SATGARU SEVALAL Maharaj was born on 15 Feb,1739 to parents Shri Dharmani Yaadi (mother) and Shri Bhima Naik on this holy land around 271 years back. At that time this location was popularly known as Ramagundam or Ramji Naik Tanda (Ramji Naik is grand father of Sevabhaya, who come to the location with 360 families of his Tanda and about 3755 loaded cattles). Ramji Naik Tanda when deserted by the end of 18th century, the local people built a village known as Chennarayanipally. This land now falls in the revenue village of Golaldoddi, Taluk / Mandal – Gooty, Dist. Anandpur, Andhra Pradesh.
Sevabhaya lived with his parents at this place upto the age of 12. He bathed in “Kaliya Kund” (transparent clean water of natural spring water pond), worshipped in Chennakesava (Shiva) temple on the top of the Chandrayanagutta (hill) nearby Ramji Naik Tanda and grazed his cattle in “Zandi Zhol” (Forest of Palms). All the relics and monuments are existings even today. Banjaras and non-Banjaras in the locality hold Bhima Naik Katta (platform) in high esteem and reverence since the “ORE” (residue) of Satgaru Sevalal Maharaj is buried under the ground of this platform which is the tradition of the Banjaras to bury the residue after the delivery of the baby. Shri Bhima Naik delivered his judgements to Banjaras of his and neighbouring Tandas from this Katta.
In narration and in praise of sevabhaya’s life and deeds, there are abundant folk songs and folklores sung and oral history is also told by Banjaras for last 250 years. It is mentioned that “Gooty – Bellary – Ma – Janam lido Sevabhaya” (meaning : Sevabhaya was born at Gooty – Bellary). Gooty taluka was in the then Bellary District of the then Mysore province of British Raj. During that period there was no separate District called Anantapur as the Anantapur town was part of Bellary District. In Golaldoddi revenue village there is a piece of land of 18 acres next to dilapidated Ramji Naik Tanda and the same is shown in revenue records as “Nayakuni Bhoomi” (land of Nayak). It is also mentioned in the book “Sevadas Leelamrut” authored by Sant Shri Ramrao Maharaj of Pohragad (Sevabhaya’s Samadhi place) that Gooty Bellary was birth place of Sevabhaya. Sant Shree Ramrao Maharaj is living Sant of Seventh generation of Shri Sevabhaya family. Even well known author, poet and Banjara folk singer Shri Atmaram Rathod of Yevatmal (Maharashtra) has also established the same location in his popular book “Shri Sant Sevadas Leela Charitra” as Sevabhaya’s birth place.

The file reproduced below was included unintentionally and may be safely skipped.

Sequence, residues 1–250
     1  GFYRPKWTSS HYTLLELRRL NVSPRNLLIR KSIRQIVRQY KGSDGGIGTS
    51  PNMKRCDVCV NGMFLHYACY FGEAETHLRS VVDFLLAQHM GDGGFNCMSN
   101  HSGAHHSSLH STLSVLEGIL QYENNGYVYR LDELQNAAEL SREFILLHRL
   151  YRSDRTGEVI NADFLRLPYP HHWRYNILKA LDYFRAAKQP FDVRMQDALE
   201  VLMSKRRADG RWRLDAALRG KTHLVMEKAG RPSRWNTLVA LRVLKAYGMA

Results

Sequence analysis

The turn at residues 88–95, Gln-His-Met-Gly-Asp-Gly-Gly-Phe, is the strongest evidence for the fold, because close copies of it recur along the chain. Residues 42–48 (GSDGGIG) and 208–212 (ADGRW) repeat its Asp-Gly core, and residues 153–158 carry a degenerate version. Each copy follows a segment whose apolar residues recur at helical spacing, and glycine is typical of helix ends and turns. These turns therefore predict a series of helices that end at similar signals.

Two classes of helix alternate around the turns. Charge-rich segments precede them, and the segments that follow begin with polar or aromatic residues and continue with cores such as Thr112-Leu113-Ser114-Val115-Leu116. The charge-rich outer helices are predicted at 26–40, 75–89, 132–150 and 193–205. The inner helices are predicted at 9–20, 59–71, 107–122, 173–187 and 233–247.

Origin of Gor
Gor people are today found living in twenty-nine states and seven union territories in India from Kashmir to Kanyakumari.
Eventhough they are living in different states in India, their traditions, culture, their dialect called “Gor Boli”, their social and religious customs and habits, their colorful dress and songs and so on are all alike. By their appearance and particularly by the colorful and gorgeous dress of their women folk, they could be easily recognized as Gor's in any part of India and the whole world. At the very outset, it would be necessary to point out some of the misconceptions and discrepancies in the versions of the Gor bards and geneologists called Dhaadis and Bhaats and also in the writings of several authors on Gor dynasty, its origin, spread and so on.
Since Gor's were a migratory tribe throughout till about 1700 A.D., when they started settling down in permanent encampments called “Tandas”, and were uneducated, one finds a lot of inconsistent traditions, beliefs and anecdotes about their origin, spread etc. The Dhaadis and Bhaats who were also uneducated have fabricated their own traditions, legends and versions of anecdotes. There are a number of inconsistent confusing and conflicting versions given by different Dhaadis and Bhaats in different areas.
TANDA, THE LAST CAPITAL OF GOR : The first mention of this place by a European is Ralph Fitch’s in 1585: “Tanda is in the land of Gauren (GOR). Great trade and traffique is here of cotton and of cloth of cotton. The people goe naked, with a little cloth bound about their waste. It standeth in the countrey of Bengala. Here be many tigers, wild bufs, and great store of wilde foule: they are very great idolaters. Tanda standeth from the river Ganges a league, because in times past the river, flowing over the banks, in time of raine did drowne the countrey and many villages, and so they do remaine. And the old way the river Ganges was woont to run remaineth drie, which is the occasion that the citie doth stand so farre from the water.”
Above information is collected by reference. Work is going on.